This month, Snapchat’s parent company filed to go public. The success of Snap’s upcoming IPO valuation, estimated for March 1, is largely dependent on how much advertisers are willing to invest.

There’s no doubting the huge potential in the app, but Snapchat’s ad revenues pale in comparison to its peers. Facebook currently generates $62 of advertising revenue for each user in North America, while Snapchat receives just $5.64. Closing this gap will depend on Snapchat dealing with threats and exploiting opportunities:
THE THREATS

Competition: Facebook currently has 1.87 billion monthly active users, and owns Whatsapp, FB Messenger (1bn MAUs each) and Instagram (600m MAUs). By comparison, Snapchat has a comparatively paltry 300m MAUs.

Facebook will ruthlessly protect its position. Last summer Instagram copied Snapchat’s popular stories feature and by January it had as many users as Snapchat. Last week, a similar ’Stories’ feature rolled out on WhatsApp. So often has Facebook copied Snapchat, that Business Insider compiled a comprehensive list to accentuate this point. We can expect to see a similar Stories proposition on Facebook very soon.

Given the superior targeting and reach available through the competition, Snapchat faces a tough task in attracting ad spend away from Facebook’s platforms – especially if its most successful products are again appropriated by the social giants.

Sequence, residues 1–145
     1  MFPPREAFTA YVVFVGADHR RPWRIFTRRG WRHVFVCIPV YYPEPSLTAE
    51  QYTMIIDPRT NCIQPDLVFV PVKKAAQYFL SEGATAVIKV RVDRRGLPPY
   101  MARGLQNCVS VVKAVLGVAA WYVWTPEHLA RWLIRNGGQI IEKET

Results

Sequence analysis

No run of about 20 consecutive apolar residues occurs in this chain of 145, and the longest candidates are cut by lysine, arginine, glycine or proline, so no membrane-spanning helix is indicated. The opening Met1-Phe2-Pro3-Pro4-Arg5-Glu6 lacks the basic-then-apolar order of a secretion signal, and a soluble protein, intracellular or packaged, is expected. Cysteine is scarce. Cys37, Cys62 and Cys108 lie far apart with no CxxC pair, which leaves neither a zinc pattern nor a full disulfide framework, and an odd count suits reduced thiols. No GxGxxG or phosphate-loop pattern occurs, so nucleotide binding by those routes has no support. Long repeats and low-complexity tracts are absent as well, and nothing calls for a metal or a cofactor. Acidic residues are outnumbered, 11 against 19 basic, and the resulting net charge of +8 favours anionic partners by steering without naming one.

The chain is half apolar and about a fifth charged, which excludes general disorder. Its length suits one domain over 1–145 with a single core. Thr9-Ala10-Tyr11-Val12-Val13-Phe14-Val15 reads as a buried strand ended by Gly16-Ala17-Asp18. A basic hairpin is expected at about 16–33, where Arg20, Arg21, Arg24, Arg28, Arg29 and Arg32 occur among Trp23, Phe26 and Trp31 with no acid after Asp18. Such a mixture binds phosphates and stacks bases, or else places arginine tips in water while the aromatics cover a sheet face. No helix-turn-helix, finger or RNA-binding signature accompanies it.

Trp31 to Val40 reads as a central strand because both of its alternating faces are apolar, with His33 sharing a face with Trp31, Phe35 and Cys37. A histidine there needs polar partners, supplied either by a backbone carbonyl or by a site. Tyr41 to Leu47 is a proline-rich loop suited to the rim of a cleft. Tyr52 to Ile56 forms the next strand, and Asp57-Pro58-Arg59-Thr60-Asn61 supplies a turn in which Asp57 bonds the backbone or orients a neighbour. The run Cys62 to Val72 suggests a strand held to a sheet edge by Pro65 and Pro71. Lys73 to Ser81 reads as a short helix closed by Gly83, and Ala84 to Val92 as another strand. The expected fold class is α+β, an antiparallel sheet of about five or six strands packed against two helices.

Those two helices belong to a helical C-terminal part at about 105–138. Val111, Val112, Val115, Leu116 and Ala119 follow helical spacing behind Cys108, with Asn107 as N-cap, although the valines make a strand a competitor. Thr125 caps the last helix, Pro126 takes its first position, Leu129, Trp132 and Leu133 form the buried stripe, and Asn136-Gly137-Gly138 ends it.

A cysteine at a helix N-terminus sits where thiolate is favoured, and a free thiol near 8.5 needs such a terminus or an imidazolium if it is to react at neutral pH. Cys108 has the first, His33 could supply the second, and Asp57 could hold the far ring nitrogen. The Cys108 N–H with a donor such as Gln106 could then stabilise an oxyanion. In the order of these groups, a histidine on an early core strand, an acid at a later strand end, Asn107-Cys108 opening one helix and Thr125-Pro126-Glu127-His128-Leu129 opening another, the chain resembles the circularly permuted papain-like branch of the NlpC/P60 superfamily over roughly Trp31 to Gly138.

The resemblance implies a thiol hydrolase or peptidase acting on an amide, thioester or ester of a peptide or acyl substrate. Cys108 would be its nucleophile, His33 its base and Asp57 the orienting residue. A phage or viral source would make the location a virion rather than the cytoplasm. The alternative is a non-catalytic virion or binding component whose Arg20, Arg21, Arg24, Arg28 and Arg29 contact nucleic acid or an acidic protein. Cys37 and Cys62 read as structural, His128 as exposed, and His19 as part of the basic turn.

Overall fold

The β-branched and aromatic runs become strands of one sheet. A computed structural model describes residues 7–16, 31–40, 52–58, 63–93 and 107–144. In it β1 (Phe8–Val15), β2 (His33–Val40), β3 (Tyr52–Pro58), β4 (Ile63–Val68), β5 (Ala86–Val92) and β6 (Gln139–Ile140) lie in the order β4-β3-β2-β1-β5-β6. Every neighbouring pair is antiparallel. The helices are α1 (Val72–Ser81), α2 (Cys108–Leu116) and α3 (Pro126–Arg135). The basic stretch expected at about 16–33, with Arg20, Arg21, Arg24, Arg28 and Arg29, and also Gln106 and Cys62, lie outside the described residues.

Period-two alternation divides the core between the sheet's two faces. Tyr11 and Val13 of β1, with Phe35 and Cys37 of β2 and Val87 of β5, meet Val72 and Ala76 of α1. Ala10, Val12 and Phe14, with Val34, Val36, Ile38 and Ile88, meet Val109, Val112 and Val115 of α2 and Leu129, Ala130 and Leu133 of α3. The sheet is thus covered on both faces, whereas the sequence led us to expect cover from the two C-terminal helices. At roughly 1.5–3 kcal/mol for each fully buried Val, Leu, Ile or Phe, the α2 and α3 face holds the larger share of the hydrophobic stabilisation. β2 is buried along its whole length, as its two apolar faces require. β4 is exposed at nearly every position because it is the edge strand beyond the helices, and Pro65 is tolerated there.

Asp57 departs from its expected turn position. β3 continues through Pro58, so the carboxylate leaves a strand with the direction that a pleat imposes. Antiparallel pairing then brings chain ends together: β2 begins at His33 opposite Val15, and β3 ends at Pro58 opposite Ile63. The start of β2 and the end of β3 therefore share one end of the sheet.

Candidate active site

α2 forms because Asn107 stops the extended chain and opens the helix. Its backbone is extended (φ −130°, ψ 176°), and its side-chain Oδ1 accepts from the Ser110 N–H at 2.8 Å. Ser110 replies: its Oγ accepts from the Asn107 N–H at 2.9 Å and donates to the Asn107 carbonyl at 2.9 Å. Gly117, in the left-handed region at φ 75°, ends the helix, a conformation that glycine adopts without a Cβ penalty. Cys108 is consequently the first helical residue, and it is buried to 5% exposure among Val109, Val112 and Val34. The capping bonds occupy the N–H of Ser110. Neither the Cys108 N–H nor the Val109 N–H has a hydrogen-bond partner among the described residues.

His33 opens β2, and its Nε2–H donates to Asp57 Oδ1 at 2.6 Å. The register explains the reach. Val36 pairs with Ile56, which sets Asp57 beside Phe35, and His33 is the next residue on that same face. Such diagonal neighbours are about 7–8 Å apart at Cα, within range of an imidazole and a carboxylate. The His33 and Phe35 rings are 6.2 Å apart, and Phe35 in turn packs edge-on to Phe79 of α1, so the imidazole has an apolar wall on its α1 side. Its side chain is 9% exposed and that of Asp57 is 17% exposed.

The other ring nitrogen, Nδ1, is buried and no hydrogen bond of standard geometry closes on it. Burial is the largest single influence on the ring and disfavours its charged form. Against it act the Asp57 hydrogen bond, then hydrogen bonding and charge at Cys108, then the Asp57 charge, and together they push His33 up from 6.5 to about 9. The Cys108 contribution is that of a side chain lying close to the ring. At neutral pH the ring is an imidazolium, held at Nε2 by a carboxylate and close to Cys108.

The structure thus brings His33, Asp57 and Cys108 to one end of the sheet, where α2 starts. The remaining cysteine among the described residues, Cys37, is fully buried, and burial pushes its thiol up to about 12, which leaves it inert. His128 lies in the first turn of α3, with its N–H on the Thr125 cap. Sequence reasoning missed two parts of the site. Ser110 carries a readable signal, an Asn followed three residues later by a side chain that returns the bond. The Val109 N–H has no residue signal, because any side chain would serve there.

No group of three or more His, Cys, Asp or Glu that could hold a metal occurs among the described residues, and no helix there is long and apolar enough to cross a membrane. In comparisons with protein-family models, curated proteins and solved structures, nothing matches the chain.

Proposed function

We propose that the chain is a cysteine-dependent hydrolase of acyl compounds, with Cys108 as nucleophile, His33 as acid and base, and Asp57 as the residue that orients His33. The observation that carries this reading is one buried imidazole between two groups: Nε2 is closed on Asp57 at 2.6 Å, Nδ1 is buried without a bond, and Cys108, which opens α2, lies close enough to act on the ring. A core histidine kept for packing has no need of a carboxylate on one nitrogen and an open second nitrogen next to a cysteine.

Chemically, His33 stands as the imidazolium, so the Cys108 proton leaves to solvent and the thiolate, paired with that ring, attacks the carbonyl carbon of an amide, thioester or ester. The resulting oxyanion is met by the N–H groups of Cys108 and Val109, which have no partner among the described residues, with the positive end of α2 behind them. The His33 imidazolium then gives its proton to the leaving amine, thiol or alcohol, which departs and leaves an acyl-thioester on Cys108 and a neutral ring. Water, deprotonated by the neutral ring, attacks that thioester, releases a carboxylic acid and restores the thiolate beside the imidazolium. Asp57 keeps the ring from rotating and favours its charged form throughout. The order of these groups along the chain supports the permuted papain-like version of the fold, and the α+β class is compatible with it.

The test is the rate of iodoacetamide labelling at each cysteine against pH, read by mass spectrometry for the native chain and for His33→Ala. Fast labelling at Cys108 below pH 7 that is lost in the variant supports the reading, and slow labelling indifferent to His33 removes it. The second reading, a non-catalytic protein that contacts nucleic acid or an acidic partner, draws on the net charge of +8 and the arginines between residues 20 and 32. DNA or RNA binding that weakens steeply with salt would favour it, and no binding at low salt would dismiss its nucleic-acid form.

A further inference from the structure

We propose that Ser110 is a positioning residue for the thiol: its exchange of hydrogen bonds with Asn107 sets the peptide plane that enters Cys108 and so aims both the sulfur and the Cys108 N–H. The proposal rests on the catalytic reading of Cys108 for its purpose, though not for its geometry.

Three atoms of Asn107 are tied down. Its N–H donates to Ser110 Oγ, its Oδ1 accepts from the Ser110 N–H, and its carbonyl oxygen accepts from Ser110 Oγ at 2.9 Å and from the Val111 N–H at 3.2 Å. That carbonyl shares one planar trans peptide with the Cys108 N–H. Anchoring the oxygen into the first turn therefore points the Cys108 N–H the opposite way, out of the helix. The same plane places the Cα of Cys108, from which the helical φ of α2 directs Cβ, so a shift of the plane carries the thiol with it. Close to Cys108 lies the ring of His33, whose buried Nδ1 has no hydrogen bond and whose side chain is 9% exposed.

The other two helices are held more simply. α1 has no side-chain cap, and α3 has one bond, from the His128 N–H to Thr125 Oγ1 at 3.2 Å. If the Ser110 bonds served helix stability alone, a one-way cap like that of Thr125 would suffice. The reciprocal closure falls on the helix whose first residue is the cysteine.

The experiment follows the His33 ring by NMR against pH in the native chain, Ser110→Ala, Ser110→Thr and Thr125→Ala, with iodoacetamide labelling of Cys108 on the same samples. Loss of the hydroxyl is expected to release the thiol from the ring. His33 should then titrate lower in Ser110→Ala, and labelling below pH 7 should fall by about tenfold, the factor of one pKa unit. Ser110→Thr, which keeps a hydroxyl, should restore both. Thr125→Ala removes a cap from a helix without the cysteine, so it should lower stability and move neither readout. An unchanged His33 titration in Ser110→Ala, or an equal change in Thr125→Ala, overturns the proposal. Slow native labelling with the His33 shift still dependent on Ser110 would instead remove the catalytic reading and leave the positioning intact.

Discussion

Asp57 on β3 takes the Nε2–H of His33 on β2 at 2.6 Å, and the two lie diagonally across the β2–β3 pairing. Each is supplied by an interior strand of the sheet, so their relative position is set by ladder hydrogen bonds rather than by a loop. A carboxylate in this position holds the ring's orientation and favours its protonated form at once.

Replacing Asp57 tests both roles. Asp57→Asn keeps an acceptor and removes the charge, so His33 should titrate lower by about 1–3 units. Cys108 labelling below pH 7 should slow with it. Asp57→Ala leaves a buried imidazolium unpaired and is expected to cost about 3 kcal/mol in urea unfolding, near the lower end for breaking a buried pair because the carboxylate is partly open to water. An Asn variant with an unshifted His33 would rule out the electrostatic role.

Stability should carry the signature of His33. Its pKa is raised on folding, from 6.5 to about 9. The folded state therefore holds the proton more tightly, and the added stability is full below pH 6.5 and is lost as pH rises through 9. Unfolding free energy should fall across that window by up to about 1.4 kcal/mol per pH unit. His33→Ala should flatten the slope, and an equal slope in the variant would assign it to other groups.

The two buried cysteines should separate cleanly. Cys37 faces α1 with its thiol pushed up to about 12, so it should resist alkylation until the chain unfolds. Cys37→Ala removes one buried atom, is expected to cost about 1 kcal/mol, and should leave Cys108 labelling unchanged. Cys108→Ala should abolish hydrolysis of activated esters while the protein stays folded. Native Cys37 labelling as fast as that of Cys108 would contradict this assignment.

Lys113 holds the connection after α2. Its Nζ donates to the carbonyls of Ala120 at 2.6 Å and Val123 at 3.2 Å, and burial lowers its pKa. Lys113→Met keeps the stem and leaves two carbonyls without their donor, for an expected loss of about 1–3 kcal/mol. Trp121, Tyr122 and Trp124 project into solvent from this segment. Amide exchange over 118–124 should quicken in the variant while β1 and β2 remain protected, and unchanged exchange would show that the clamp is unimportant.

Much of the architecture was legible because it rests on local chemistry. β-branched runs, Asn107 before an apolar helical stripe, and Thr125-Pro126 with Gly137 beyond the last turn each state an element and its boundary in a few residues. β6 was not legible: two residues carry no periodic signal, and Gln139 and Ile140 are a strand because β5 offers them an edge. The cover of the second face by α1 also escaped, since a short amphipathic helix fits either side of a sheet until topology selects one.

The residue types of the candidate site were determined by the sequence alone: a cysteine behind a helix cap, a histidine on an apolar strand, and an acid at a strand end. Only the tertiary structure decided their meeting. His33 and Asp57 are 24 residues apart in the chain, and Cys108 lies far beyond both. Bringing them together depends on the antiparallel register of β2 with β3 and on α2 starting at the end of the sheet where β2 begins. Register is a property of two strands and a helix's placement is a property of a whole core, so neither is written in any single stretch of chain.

Controversy: The calls for third-party auditing of digital walled gardens have been growing since last September’s revelation that Facebook was over-egging its video metrics. While Facebook so far seems to be weathering the storm, similar rumours circulating around Snapchat’s figures could do serious damage to its reputation, if proven true.

THE OPPORTUNITIES
Innovation: Snap calls itself a ‘camera company’ rather than a social or messaging company, which suggests an attempt to lessen competition with Zuckerberg’s network. Indeed, it has focused on developing photographic software and hardware, in particular for its Spectacles product, which launched across the US last week.  The camera is genuinely innovative – it captures video in a circular format, allowing video to fill a mobile screen in portrait, landscape, or at any angle in between. For advertisers it raises the potential of video ads by fully utilising the mobile screen, rather than being confined to a small rectangle, or dependent on users turning their screens.

Ad-Integration: Snapchat’s well-integrated ad formats are best in class when it comes to delivering stand-out within a mobile environment.  It has pioneered vertical video, which has far more impact on the mobile screen than ads based on standard TV dimensions. Sponsored lenses and filters are formats which truly complement the way in which the platform is used. From tennis games to taco shaped heads, Snapchat’s advertising experience works because it enhances the platform rather than placing old formats in a new environment.

Whether it’s investment in shares or ad formats, Snap’s success will depend on how well it does the things that Facebook can’t.

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